In the case of riverine flood plains, if the one percent annual chance flood plain has not been defined and mapped, a developer or permit applicant will be asked to submit a study prepared by a licensed engineer for that purpose.

Please refer to the following resources for the legal authority supporting our flood plain regulations:

  • Section 32.4.414 Baltimore County Code
  • Section 32.8 Baltimore County Code
  • County Council Bill 40-15 (Building Code, including the International Building Code and the International Residential Code by reference)
  • County Council Bill 42-15 (Adopting the Federal FIRMs and placing special requirements on the tidal flood plains for building code purposes)
  • Development Plan Review Policy Manual
  • Department of Public Works Design Manual

Resources for Homeowners

FEMA Region III provides a pamphlet (PDF) advising homeowners of measures they can take to make their properties safer from flooding. FEMA also has additional online resources.

You can view FEMA flood plain data on the Baltimore County Digital Flood Insurance Rate Map (DFIRM), an online interactive application.

To report problems with any public storm drain system in your community, contact the Bureau of Engineering Storm Drain Design Division at 410-887-3711.

Contract of Sale Clause

The Department of Public Works is frequently asked about language found in real estate sales contracts for properties offered for sale in Baltimore County due to the following section of Baltimore County Code:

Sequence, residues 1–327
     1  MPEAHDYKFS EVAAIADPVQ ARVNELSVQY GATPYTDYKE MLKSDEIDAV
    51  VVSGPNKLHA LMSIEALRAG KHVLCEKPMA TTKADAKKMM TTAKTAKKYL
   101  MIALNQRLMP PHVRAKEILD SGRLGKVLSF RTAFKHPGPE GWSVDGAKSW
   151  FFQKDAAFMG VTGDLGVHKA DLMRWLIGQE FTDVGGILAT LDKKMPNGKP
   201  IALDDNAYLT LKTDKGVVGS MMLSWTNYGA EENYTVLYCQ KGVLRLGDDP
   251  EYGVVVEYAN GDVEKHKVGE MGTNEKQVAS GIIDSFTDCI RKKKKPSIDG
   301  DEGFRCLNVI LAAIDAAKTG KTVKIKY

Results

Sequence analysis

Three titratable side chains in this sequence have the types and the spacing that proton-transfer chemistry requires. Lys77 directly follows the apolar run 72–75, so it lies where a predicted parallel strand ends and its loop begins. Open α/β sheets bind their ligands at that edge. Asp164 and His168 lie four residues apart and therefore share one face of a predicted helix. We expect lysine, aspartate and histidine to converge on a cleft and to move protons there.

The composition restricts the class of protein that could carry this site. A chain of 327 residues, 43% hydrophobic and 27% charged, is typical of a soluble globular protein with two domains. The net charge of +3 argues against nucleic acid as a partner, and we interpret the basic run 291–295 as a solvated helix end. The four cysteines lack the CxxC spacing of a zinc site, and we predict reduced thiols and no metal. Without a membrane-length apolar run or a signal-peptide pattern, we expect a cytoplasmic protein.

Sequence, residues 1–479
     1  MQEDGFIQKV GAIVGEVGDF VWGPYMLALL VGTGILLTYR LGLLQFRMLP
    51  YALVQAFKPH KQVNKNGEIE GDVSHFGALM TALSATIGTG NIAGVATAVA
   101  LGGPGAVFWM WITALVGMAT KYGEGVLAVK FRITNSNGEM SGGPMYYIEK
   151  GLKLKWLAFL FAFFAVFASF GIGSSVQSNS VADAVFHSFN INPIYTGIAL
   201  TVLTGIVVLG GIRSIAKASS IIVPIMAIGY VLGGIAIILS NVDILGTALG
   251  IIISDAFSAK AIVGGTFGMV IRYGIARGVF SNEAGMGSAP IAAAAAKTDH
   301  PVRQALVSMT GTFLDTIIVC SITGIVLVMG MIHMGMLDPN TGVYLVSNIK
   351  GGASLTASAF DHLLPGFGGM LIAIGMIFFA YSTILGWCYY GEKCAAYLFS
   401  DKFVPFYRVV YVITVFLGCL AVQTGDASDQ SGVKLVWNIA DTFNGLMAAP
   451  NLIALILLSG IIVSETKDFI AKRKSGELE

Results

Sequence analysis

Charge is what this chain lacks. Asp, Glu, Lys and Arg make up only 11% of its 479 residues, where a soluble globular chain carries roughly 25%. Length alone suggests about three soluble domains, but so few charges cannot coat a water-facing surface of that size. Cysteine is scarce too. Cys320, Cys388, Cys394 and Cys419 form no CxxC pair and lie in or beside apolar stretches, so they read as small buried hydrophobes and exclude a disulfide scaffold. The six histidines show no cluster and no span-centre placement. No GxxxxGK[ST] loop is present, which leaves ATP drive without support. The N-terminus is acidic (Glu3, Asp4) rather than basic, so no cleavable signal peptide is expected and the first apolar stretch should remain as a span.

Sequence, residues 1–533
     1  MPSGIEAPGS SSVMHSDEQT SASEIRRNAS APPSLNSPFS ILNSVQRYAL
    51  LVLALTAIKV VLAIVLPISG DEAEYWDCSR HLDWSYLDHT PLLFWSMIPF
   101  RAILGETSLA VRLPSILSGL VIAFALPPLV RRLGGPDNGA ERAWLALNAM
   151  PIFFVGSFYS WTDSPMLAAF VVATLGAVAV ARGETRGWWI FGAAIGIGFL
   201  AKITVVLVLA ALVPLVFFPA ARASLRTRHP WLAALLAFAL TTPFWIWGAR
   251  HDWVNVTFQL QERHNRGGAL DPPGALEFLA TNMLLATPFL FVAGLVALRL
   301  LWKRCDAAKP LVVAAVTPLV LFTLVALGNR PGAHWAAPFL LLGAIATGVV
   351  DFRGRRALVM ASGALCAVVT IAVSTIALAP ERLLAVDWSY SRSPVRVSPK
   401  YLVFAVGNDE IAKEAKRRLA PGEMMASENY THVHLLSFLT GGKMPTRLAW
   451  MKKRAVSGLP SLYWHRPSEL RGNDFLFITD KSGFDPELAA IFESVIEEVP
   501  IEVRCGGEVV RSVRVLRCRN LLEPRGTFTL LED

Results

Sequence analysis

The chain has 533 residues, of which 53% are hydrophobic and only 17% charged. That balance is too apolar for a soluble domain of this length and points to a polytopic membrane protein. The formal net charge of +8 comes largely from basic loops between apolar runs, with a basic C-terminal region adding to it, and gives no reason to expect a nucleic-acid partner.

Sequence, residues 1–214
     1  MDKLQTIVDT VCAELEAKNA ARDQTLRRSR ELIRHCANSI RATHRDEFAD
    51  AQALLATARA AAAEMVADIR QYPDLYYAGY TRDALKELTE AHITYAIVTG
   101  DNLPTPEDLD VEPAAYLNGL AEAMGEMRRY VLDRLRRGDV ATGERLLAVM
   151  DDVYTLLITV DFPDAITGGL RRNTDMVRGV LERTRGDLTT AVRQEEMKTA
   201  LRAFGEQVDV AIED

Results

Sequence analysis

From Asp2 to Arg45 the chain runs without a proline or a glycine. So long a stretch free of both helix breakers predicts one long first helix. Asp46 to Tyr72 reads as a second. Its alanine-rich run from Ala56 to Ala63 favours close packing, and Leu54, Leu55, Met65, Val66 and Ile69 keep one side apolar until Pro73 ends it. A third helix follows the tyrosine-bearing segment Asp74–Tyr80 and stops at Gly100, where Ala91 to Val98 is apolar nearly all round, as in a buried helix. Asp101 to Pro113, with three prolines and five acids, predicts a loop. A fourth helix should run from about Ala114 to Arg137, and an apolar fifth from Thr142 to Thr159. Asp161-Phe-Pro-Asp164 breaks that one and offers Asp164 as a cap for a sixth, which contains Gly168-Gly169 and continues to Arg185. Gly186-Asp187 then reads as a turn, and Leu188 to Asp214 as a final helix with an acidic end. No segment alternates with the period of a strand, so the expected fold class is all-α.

Section 32-8-208—CONTRACT OF SALE REQUIREMENT

(a) House removed from flood plain area. The following clause shall appear in any contract of sale or resale of a house, building, or other structure that has been removed from a 100-year flood plain area: "The house, building or structure which is the subject of this contract has been removed from a 100-year flood plain.

(b) Failure to include required language. Failure to include the clause mandated by this section shall render the contract voidable at the option of the purchaser.

This clause is about a very specific and unusual situation. The County on occasion will purchase properties subject to severe flooding as a less-expensive alternative to providing drainage improvements to streams. This is a rare occurrence, and even more rare is the situation where property owners like the house so much that rather than have it demolished, they have it placed on a special truck and moved to a new lot. If a house is “removed from a floodplain” in this way, the structure could have residual flooding damage that would not be expected in a house offered for sale in an area not designated as a flood plain.

Real estate settlements usually include a flood certification advising whether a house is located in a FIRM floodplain and for which flood insurance would have to be required by a mortgage lender, but that is something different.

 
Revised September 13, 2018